New York and the future of Global Development

September 30th, 2013

Last week in New York the United Nations General Assembly came to an important agreement about how global development will be shaped in years up to 2030.

It was agreed that there will be a ‘single framework and set of goals – universal in nature and applicable to all countries’, and that this will bring together concerns about both poverty eradication and sustainable development (people and the environment). This will replace the Millennium Development Goals (MDGs) that have guided much of global development efforts since 2000 and which expire in 2015.

The content of those new goals is still very much up for grabs. The inter-governmental negotiations will only start next year. The third stream of a complex consultation process (the ‘Open Working Groups’) has yet to report, and last week I heard about an additional set of events to will be hosted by the President of the General Assembly. Even on some basic concepts there is still disagreement. In the General Assembly debate, when some governments were talking about ‘development’ they were referring to economic growth, while others used the term to mean progress against the MDGs, and still others used the term more broadly to refer to issues around governance and rights.

At Practical Action we are following the debate with interest and trying to ensure that the messages coming from the ground, from the communities we work with, and from the things we collectively believe in, are being heard. We are doing that in collaboration with others, of course, such as the Beyond 2015 campaign which brings together over 800 NGOs from around the world. We want to see issues of technology and equity of access to technology being addressed. We want to see issues of well-being prioritised rather than simply measures of poverty based on $ per day, or growth of GDP. We want to see separate goals for Energy and Water and Sanitation, and the needs of small-holder farmers addressed.

So what is the mood among NGOs? We had a stocktaking meeting at the end of the week, and much of the sentiment reflected my own feelings. While of course we welcome the announcement about a single set of goals – isn’t that the least we could ask for? Imagine explaining all this in straightforward terms to a village community somewhere – it doesn’t sound that dramatic! “How will it change our lives?” – they might ask. Well, a single set of goals offers more chance that things will change for them: that the inequalities and injustices they experience will be addressed. On the other hand, Mwangi Waituru a co-chairs of the campaign from a relatively small Kenyan NGO said “I will be going home a bit disappointed that the outcome of this process will not be as ambitious as it needs to be if it is to be truly transformative”.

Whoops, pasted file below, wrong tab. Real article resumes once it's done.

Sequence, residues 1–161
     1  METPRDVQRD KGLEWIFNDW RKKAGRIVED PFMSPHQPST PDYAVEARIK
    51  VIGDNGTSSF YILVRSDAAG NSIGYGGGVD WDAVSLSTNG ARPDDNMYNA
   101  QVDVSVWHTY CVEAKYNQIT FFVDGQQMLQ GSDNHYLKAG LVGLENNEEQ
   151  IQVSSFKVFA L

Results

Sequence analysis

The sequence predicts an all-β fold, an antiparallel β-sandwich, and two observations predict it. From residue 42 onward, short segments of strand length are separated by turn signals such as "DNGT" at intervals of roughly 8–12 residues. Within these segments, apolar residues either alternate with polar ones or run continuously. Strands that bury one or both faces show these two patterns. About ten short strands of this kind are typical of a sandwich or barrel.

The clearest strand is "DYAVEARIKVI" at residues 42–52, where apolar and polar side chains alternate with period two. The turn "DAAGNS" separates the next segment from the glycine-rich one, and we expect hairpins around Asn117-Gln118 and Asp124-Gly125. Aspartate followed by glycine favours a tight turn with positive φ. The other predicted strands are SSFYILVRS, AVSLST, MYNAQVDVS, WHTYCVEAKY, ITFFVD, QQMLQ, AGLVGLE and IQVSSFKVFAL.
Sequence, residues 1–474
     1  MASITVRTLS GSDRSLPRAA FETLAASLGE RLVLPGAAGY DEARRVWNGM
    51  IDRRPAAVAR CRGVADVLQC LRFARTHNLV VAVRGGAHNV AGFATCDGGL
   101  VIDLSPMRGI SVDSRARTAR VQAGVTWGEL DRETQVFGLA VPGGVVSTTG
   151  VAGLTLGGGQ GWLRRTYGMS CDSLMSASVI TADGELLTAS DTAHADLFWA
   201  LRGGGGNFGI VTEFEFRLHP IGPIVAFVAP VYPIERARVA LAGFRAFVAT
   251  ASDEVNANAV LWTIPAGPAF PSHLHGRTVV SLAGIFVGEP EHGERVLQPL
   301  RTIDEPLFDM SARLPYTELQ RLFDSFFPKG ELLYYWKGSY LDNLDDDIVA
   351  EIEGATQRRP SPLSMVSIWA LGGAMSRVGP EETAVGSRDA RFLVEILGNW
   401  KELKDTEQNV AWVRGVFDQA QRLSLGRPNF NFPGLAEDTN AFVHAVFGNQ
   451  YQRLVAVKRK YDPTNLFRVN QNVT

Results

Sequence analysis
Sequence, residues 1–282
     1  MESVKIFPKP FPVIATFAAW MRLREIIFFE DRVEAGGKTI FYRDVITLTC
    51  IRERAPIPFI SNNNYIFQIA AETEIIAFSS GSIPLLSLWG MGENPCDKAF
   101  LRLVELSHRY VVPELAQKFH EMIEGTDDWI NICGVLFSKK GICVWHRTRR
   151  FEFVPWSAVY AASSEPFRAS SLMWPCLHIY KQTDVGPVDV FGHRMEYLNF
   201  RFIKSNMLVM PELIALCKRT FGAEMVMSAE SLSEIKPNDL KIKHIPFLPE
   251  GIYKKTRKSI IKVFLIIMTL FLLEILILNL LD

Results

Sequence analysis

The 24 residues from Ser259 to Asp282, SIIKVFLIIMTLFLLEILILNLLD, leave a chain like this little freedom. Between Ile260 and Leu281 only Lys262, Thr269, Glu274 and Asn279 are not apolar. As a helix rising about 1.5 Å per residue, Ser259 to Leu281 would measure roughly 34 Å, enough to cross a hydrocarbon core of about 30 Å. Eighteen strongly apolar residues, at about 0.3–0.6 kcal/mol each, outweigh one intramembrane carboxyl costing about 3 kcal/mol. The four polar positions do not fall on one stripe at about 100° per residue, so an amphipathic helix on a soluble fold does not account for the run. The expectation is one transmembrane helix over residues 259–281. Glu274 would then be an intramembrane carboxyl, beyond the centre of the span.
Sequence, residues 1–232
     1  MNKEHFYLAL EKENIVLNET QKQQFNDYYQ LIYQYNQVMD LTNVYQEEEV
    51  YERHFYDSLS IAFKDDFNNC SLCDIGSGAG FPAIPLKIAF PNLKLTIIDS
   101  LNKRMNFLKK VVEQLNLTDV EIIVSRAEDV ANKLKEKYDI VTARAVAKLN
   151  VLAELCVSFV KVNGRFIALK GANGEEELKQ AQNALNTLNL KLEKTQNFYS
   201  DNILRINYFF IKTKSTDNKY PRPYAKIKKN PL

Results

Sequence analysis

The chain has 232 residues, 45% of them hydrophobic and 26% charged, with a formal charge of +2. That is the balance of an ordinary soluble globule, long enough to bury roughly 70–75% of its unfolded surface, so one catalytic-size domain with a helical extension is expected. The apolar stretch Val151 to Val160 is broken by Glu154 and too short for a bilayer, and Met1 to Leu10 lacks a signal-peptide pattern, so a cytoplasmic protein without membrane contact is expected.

In our work on energy, we are optimistic that there will be a goal that aims for ‘energy access for all by 2030’. However, we know that ‘business as usual’ will not address the problem. Continuing to put the majority of funding into generating more electricity for the grid, or even to extending the grid, will still leave many people in the dark. As part of the broader groupings of organisations around the world fighting for the needs and interests of poor people to be heard, we will continue to push for the future framework to be ambitious, and to take its stated aims of equity and universality seriously. David Cameron has been part of the process as a co-chair of the High Level Panel which reported in earlier this year, and in a meeting with our supporters in his constituency confirmed that he would like “these ambitious and measurable goals [as set out in the HLP report] to succeed the MDGs”. A small step has been taken in the right direction, but more will need to be done!

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